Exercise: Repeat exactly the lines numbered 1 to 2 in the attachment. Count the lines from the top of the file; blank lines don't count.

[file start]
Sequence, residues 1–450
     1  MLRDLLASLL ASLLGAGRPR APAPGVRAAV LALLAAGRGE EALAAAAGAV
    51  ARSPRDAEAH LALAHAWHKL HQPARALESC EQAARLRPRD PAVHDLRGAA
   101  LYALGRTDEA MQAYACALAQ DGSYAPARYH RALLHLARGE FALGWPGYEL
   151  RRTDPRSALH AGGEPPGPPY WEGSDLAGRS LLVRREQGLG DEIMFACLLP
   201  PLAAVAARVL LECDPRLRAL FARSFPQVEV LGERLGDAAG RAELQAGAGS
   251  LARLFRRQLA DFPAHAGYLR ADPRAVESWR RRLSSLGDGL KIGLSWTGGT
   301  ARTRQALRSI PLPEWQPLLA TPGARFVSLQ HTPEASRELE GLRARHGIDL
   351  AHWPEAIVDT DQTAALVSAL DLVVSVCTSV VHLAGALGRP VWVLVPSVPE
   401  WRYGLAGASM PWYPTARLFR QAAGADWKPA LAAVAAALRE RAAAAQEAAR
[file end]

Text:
Sequence, residues 1–450
     1  MLRDLLASLL ASLLGAGRPR APAPGVRAAV LALLAAGRGE EALAAAAGAV